Up in the mountains, perched someplace between yucca drylands below epiphyte-laded cloud forests above. At the center of a small town, a 17th century cathedral rests like a dormant spacecraft that landed centuries ago. A village built around this artifact from Andromeda. A teenager shoots from the foul line of a basketball court built adjacent to the courtyard. A woman next door puts laundry out to dry in the morning sun. We sleepily make our way from the cabina towards food and day ahead.
Astronave
Magdalena welcomes us each morning with a slow, measured, monotonous BUENAS DIAS CHICOS. Her booming voice at once jarring and nurturing. We mumble our reply, shuffle to a table and play out the rest of the script. CAFE? Si, gracias. CHOCOLATE CON AGUA? Si, gracias. We mostly eat in silence, occasionally making halting, probably incomprehensible small talk with Magdalena. Our attention drifts out the window to a kestrel perched upon the crucifix that crowns the church belltower. The red paint of the cross does nothing to diminish the idea of this taloned sentinel spilling the blood of rodents brought back as offerings to god. But what god? Whose gods? 


IMG_7324.jpg
Sangre de los ratones

As per protocol, Magdalena brings us two sandwiches which will be our sustenance during the daily exploration. Like two schoolboys off to the classroom, equipped with our brownbags, Magdalena, our madre whilst here, our madre still in some ways, booms after us BUEN VIAJE CHICOS as we depart for another day. Back out in the courtyard, a descending series of cries emanate from within the cathedral. Over and over, these plaintive calls repeat. Magdalena’s voice, elemental and grounding, mixes with the mind-splitting spiral singing of the canyon wren in the bell tower. It's vertiginous song, echoed and trapped within the tower, transports us back to the 17th century. To the building of the church-the blood and sweat of slave labor mixed with the mortar that holds these walls. Back further still, to when the rocks were stacked along the trails we've been walking these past days—rocks covered with millennial lichens, the craggy oaks above laden with epiphytes whose folds and fissures are ceaselessly interrogated by warblers and vireos. The imprisoned song gets compressed further and the mountains are leveled. We come to, back to the present. We look around, shaking off the shackles of time the wren has saddled us with. Now equipped with the knowledge that the current flora and fauna that surrounds us is only the latest incarnation in a series of living skins this range has adorned, we step into the future.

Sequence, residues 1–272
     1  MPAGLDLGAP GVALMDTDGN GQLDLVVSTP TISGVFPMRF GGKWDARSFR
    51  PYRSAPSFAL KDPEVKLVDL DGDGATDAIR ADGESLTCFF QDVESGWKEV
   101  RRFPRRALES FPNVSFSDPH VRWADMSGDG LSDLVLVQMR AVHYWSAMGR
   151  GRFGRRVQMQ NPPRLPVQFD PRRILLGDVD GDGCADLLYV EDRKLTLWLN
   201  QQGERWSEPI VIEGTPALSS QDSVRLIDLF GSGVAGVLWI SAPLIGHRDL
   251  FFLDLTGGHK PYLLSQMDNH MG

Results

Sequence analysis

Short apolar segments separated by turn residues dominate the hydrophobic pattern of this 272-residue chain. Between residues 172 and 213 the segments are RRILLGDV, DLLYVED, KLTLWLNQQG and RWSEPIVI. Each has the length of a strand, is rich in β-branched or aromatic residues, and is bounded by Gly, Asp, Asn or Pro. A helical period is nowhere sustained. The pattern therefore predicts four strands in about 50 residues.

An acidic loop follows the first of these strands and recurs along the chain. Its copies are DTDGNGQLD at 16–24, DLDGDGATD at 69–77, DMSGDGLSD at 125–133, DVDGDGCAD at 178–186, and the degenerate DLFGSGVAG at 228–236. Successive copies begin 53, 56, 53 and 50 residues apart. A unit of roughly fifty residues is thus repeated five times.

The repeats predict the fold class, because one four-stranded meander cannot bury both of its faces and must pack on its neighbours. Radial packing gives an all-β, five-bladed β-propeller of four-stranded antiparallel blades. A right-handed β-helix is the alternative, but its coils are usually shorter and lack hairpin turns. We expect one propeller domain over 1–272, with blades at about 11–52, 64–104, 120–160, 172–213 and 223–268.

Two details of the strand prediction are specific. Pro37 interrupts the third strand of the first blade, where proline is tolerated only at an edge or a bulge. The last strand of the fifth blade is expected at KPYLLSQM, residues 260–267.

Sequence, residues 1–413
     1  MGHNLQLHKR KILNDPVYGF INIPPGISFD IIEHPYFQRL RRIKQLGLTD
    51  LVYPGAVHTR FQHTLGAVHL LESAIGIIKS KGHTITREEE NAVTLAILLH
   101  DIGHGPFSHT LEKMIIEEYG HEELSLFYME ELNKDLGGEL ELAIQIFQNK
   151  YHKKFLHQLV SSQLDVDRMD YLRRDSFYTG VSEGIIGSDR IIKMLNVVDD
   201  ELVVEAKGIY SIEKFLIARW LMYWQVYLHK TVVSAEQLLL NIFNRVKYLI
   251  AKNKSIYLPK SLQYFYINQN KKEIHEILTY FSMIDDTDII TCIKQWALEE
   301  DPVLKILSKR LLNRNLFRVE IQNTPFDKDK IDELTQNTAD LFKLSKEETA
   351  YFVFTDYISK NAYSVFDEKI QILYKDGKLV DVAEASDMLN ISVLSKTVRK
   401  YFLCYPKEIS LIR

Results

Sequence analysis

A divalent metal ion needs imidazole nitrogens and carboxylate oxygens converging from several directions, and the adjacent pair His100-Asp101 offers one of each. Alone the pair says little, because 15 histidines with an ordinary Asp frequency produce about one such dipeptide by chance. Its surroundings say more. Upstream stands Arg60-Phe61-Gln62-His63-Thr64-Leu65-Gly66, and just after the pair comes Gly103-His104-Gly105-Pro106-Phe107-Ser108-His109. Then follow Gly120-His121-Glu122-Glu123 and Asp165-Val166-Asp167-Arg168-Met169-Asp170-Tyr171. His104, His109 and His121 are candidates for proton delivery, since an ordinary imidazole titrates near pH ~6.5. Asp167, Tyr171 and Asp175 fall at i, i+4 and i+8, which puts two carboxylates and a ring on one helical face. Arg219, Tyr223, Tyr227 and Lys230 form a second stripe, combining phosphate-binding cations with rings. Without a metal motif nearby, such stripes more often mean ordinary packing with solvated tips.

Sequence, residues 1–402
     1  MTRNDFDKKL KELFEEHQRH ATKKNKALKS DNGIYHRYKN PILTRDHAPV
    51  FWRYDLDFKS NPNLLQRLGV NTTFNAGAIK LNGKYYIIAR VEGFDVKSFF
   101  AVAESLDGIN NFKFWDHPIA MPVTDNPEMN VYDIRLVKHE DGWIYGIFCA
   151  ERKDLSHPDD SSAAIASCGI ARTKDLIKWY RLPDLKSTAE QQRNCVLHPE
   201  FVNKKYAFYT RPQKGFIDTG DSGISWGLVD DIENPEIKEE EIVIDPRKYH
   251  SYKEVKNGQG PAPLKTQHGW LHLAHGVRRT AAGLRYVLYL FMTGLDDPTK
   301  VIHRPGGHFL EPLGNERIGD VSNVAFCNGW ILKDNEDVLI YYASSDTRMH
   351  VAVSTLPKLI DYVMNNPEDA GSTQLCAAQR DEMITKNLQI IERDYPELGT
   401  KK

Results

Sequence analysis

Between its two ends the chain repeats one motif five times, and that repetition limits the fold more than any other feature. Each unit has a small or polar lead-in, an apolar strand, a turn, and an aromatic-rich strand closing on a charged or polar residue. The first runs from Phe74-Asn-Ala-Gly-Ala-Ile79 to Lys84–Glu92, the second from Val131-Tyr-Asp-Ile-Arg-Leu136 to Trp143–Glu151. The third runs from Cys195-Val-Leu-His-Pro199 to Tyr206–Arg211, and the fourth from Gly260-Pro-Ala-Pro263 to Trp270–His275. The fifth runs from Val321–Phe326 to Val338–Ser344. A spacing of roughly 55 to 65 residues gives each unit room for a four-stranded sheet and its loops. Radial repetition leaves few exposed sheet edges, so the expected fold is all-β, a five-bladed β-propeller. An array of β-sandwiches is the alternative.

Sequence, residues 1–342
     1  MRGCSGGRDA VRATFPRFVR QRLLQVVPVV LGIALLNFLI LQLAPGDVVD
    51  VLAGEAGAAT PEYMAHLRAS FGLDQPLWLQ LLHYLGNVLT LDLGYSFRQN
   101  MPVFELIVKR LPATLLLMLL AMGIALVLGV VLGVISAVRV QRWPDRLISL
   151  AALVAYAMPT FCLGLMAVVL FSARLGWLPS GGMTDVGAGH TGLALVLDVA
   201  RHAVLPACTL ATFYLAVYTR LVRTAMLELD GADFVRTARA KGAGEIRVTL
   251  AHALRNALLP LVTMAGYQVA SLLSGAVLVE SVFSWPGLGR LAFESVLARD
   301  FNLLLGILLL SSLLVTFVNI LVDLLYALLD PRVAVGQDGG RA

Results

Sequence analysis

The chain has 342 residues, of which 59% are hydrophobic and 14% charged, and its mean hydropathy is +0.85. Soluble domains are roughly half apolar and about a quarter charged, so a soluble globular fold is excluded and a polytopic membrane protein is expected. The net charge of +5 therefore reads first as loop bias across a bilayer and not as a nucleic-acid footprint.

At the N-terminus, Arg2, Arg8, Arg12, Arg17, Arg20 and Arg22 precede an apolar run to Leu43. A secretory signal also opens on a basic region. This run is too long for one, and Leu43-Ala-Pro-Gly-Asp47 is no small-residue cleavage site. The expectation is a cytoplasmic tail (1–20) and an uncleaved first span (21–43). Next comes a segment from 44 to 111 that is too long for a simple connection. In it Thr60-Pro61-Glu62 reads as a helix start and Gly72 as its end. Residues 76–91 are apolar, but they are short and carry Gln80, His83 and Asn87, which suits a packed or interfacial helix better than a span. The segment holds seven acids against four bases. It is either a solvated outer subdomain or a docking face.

IMG_7360.jpg
Piel de las montaƱas 
BUEN VIAJE...CHICOS.